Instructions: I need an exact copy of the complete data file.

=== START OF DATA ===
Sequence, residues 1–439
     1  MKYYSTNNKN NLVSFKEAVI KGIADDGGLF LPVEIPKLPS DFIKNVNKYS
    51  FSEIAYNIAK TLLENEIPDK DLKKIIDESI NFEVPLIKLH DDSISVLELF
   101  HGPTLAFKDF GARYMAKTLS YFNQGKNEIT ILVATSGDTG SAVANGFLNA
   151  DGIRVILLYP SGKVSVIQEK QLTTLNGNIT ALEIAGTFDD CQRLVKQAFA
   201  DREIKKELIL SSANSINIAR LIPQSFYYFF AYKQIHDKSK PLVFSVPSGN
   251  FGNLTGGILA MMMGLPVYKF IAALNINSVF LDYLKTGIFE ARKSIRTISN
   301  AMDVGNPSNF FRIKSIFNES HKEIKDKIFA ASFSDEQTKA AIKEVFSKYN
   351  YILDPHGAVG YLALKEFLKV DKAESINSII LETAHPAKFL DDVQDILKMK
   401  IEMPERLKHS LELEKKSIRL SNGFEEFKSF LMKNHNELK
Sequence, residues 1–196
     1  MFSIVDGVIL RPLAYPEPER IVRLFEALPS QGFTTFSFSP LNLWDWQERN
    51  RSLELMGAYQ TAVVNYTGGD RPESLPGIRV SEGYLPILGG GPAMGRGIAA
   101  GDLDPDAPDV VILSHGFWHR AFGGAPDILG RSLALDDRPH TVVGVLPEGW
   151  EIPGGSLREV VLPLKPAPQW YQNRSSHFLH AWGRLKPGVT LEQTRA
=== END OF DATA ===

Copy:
Sequence, residues 1–439
     1  MKYYSTNNKN NLVSFKEAVI KGIADDGGLF LPVEIPKLPS DFIKNVNKYS
    51  FSEIAYNIAK TLLENEIPDK DLKKIIDESI NFEVPLIKLH DDSISVLELF
   101  HGPTLAFKDF GARYMAKTLS YFNQGKNEIT ILVATSGDTG SAVANGFLNA
   151  DGIRVILLYP SGKVSVIQEK QLTTLNGNIT ALEIAGTFDD CQRLVKQAFA
   201  DREIKKELIL SSANSINIAR LIPQSFYYFF AYKQIHDKSK PLVFSVPSGN
   251  FGNLTGGILA MMMGLPVYKF IAALNINSVF LDYLKTGIFE ARKSIRTISN
   301  AMDVGNPSNF FRIKSIFNES HKEIKDKIFA ASFSDEQTKA AIKEVFSKYN
   351  YILDPHGAVG YLALKEFLKV DKAESINSII LETAHPAKFL DDVQDILKMK
   401  IEMPERLKHS LELEKKSIRL SNGFEEFKSF LMKNHNELK
Sequence, residues 1–196
     1  MFSIVDGVIL RPLAYPEPER IVRLFEALPS QGFTTFSFSP LNLWDWQERN
    51  RSLELMGAYQ TAVVNYTGGD RPESLPGIRV SEGYLPILGG GPAMGRGIAA
   101  GDLDPDAPDV VILSHGFWHR AFGGAPDILG RSLALDDRPH TVVGVLPEGW
   151  EIPGGSLREV VLPLKPAPQW YQNRSSHFLH AWGRLKPGVT LEQTRA